Microsoft attempts to revamp company

With a rapidly changing world of technology and people continuously abandoning the personal computer and turning to mobile devices and the Internet for their daily tasks, worldwide leader Microsoft is trying to keep up. The technology giant announced that Satya Nadella, who was previously head of the company’s cloud and enterprise group, will take over for Steve Ballmer as the next CEO of Microsoft.

Nadella will be leading Microsoft at a very curious time for the company. Beginning with the Windows Phone, the company has attempted to unify its products in a method even grander than that of its biggest competitor, Apple. The company condensed some products under different umbrellas with its music service “Xbox Music,” folded Hotmail into a revamped and moved Microsoft Office into the cloud with Office 365.

Microsoft has only continued to push forward in the mobile market, acquiring the mobile technology of Nokia after a notable partnership that, while producing a series of memorable and colorful devices, wasn’t able to make a dent in the iOS and Android duopoly of the market.

The emphasis on cloud computing is likely why Nadella was selected to be the new leader for Microsoft as it attempts to bring its products even closer together. One of its latest products, Xbox One, is expected to use cloud processing in the near future to give additional strength to its gaming lineup. The potential of this development is limitless.

Yet Microsoft’s recent forays do give some pundits a bit of doubt about whether it’s enough to turn the tide. Just more than a year ago with the launch of Windows 8, it was expected that Steven Sinofsky, the man who helped Microsoft rebound from the debacle of Windows Vista with the well-received Windows 7, would take over. But in November 2012, Sinofsky left the company and Windows 8 has had a rough start, even if there’s some credit due for its ambitious touch-based interface.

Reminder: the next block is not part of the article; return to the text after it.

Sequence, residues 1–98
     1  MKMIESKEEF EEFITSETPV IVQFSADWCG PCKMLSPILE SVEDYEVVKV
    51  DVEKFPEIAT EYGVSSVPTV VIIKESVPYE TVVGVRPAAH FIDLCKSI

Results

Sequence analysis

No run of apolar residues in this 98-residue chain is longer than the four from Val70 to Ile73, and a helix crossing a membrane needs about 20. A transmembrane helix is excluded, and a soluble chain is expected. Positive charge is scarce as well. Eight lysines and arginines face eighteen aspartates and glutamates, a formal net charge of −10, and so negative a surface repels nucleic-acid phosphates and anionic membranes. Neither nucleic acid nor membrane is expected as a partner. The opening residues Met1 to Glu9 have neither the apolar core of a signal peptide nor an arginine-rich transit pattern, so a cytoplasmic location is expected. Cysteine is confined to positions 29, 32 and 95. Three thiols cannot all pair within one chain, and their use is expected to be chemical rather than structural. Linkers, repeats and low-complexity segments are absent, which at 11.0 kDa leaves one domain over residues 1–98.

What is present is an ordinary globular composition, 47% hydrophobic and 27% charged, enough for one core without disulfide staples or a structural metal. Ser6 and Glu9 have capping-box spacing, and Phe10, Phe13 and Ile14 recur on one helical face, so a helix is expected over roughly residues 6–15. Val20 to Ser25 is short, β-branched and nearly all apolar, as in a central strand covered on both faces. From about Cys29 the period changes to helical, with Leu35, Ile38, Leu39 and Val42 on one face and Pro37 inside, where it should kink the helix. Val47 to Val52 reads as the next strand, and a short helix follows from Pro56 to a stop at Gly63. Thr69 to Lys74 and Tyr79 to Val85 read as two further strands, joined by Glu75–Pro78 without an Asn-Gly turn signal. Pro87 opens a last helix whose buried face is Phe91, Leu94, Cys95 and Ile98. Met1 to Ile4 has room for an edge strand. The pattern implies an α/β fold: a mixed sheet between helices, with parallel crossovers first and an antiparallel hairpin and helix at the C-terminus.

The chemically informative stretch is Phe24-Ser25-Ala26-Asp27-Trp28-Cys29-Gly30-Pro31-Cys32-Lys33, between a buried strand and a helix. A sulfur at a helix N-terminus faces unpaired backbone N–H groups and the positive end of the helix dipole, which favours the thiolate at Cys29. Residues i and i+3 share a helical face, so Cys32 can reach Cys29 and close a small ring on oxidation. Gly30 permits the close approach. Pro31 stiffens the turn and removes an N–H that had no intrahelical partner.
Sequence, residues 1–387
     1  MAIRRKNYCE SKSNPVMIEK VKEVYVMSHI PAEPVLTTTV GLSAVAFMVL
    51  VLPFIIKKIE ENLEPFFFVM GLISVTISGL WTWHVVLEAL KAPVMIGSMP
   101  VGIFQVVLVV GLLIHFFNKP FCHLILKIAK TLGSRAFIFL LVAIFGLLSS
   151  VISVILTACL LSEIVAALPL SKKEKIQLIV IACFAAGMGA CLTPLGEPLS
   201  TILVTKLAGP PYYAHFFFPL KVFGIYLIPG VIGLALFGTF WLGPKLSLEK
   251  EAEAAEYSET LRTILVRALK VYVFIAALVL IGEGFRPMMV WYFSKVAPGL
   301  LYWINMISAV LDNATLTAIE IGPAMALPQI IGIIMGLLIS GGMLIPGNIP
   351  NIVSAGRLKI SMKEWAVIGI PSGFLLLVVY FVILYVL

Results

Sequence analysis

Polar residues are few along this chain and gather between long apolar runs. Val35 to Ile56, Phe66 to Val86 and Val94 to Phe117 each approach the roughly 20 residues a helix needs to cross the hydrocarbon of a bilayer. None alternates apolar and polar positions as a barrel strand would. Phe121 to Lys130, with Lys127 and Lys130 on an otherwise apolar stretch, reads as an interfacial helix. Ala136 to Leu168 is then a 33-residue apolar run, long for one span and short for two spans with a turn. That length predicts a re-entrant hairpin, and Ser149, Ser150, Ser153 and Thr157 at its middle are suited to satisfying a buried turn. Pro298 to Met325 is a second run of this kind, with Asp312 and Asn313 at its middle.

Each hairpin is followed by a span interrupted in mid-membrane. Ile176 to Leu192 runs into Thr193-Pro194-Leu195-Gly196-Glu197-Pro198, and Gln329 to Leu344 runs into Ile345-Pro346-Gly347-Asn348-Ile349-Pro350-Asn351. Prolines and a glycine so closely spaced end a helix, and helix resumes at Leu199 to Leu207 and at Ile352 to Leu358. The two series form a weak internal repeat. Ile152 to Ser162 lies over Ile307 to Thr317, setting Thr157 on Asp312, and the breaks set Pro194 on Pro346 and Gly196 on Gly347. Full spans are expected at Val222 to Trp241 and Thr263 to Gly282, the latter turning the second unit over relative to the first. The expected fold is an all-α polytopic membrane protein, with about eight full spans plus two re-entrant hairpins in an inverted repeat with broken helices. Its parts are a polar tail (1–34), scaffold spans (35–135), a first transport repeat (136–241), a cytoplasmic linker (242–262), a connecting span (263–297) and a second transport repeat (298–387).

It didn’t help that one of the cornerstones of Windows 8, the Surface tablet, has been a huge money loss for Microsoft, dashing hopes that it would become a competitor to the iPad. Sinofsky’s exit seems to represent some internal tension within the company as its attempts to break into both the tablet market and mobile market have proven fruitless.

It’s no wonder, then, that Bill Gates himself has decided to get into the foray, as it was also announced that he would be stepping down as chairman of the board and would begin serving instead as a technology advisor (even though he is still expected to spend most of his time with his charity foundation). Still, the fact that Gates sees that his skills are needed in the current environment of Microsoft speaks volumes.

The hire of Satya Nadella points not just to a change in focus, but also to change in company philosophy. By boosting cloud processing, it’s possible that the world could see a true cloud-based OS shared across all of its products, an Xbox One connecting with one’s PC, connecting with one’s phone, connecting with one’s SkyDrive and connecting to a Surface. The ideal here seems to be a combination of Google’s Chrome OS, but much more ambitious and robust.

Whether or not Microsoft can achieve this while creating a unique visual aesthetic (without betraying its utilitarian reliability) is perhaps the hardest challenge facing Nadella. A competitive market is the best market, and although the company has made strides in improving and simplifying its product line, it’s going to take a focused effort to establish itself as Apple’s equal instead of a fading giant.